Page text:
- Feelings of apprehension or dread.
- Feeling tense or jumpy.
- Restlessness or irritability.
- Anticipating the worst and being watchful for signs of danger.
If you eat lots of processed meat, fried food, refined cereals, candy, pastries, and high-fat dairy products, you're more likely to be anxious and depressed. A diet full of whole fiber-rich grains, fruits, vegetables, and fish can help keep you on a more even keel.What are the 6 major symptoms of anxiety disorders? ›
- Panic, fear, and uneasiness.
- Feelings of panic, doom, or danger.
- Sleep problems.
- Not being able to stay calm and still.
- Cold, sweaty, numb, or tingling hands or feet.
- Shortness of breath.
- Breathing faster and more quickly than normal (hyperventilation)
- Heart palpitations.
Anxiety is a normal response to stress.
Women are more than twice as likely as men to get an anxiety disorder in their lifetime. Anxiety disorders are often treated with counseling, medicine, or a combination of both.
Research has indicated that individuals with high emotional reactivity (high neuroticism) and introverted tendencies (low extroversion) are more likely to experience anxiety than other personality types .What drinks are good for anxiety? ›
- A glass of red wine.
- A sip of scotch or whiskey.
- Chamomile tea.
- Peppermint tea.
- Hot chocolate, not too sweet.
- Warm milk.
Is water good for anxiety? ›
A recent tweet by federal health authorities suggesting water could help reduce anxiety was received with some online scepticism. In fact, the evidence shows water and hydration can play a role in preventing and managing the symptoms of anxiety.What vitamins help with anxiety and panic attacks? ›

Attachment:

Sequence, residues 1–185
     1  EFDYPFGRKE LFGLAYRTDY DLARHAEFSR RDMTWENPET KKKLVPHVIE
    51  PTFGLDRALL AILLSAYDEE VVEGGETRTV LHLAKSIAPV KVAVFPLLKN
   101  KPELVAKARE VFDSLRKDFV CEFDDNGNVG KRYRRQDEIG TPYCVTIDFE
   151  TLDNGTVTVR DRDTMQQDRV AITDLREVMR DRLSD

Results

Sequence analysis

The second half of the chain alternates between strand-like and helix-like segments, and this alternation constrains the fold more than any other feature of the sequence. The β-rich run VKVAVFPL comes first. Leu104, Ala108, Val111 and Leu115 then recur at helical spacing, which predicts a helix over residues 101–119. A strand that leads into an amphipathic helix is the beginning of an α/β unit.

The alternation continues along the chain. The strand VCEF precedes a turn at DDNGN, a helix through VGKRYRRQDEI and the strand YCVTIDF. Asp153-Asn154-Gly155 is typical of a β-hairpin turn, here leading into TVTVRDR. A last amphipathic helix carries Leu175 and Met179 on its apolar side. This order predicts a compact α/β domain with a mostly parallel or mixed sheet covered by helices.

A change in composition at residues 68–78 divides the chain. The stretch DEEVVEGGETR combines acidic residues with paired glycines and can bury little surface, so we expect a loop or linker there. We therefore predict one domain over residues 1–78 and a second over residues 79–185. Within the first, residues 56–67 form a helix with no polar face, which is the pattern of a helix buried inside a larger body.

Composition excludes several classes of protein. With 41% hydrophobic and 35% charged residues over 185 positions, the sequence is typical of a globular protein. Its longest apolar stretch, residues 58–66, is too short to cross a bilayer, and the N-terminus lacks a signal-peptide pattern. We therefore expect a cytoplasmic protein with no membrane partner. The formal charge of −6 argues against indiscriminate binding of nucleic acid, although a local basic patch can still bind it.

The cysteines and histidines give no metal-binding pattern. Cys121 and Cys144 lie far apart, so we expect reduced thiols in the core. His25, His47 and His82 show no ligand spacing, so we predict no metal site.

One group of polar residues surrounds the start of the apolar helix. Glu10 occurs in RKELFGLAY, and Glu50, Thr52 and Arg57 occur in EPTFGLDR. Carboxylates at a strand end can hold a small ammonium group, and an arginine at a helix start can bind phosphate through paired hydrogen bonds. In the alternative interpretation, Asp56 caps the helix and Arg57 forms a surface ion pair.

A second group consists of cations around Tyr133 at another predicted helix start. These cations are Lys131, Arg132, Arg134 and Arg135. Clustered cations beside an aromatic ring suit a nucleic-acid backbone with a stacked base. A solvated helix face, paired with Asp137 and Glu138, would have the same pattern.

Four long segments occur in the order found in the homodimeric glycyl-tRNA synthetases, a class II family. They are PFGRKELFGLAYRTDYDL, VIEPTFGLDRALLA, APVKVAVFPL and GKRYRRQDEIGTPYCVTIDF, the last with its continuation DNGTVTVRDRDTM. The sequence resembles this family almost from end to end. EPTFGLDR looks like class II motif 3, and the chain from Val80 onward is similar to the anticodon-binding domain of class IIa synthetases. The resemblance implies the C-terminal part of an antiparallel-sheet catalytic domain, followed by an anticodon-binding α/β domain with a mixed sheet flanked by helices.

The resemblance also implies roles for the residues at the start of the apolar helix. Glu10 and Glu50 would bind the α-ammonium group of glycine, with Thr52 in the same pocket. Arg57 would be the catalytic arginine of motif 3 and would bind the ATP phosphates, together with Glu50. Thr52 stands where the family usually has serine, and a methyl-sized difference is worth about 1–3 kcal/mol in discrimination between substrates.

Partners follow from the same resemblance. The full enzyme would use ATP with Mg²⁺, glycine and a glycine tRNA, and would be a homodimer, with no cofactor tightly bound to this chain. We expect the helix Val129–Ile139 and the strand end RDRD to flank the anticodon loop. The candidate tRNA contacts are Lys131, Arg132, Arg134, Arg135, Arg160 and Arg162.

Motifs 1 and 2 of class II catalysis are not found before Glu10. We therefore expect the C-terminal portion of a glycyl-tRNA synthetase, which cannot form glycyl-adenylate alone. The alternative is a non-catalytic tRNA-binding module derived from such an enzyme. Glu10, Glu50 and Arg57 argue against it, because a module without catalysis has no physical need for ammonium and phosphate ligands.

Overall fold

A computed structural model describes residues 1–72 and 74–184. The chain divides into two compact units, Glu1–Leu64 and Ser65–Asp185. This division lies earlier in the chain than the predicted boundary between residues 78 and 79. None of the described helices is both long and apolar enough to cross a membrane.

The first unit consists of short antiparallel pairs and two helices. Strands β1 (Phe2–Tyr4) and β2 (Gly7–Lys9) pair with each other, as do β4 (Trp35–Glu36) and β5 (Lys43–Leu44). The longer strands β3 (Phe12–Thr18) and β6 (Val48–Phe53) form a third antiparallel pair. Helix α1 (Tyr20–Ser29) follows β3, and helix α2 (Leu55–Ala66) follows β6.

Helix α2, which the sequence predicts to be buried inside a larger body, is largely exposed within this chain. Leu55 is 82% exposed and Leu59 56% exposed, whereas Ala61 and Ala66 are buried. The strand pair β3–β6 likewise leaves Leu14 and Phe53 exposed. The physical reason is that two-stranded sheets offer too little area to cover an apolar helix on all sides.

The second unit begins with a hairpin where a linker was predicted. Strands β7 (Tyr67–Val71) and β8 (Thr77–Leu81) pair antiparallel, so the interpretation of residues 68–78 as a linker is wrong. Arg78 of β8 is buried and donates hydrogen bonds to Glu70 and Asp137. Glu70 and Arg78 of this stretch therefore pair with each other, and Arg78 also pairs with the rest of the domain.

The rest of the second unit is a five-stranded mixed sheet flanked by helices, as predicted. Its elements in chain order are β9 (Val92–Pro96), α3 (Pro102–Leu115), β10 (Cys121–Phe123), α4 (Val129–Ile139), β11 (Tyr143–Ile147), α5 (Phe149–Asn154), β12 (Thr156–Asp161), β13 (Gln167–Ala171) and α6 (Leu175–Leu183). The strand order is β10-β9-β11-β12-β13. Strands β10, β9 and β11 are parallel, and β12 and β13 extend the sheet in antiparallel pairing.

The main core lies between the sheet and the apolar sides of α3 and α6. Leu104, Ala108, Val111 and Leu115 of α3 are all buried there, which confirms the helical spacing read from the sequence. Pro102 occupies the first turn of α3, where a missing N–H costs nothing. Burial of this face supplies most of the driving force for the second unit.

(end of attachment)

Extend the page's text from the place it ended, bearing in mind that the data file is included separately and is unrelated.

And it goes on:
Vitamin B Complex
The eight B vitamins, particularly B6, B9 (folic acid) and B12, are essential for the proper function of the nervous system and can help to calm the nerves and reduce mental stress and fatigue. For these reasons, they are often referred to as anti-stress nutrients.
The most common physical symptoms of anxiety include fatigue, increased heart rate, heart palpitations, shortness of breath, dizziness, muscle aches, muscle weakness, headaches, digestion, discomfort and tingling sensations.How does anxiety affect the body? ›
When you feel anxious you might have racing thoughts but also physical symptoms, such as difficulty breathing, tense muscles, trembling, a rapid heartbeat, and pain and bloating in your abdomen. These are all the results of the stress response when the body releases cortisol as it prepares for “fight or flight.”Is having anxiety a disability? ›
Is Anxiety a Disability? Anxiety, such as OCD, panic disorders, PTSD, etc. is considered a disability by the Social Security Administration (SSA). In order for the SSA to consider your anxiety a disability, you need to be able to show that you can no longer work full time because of it.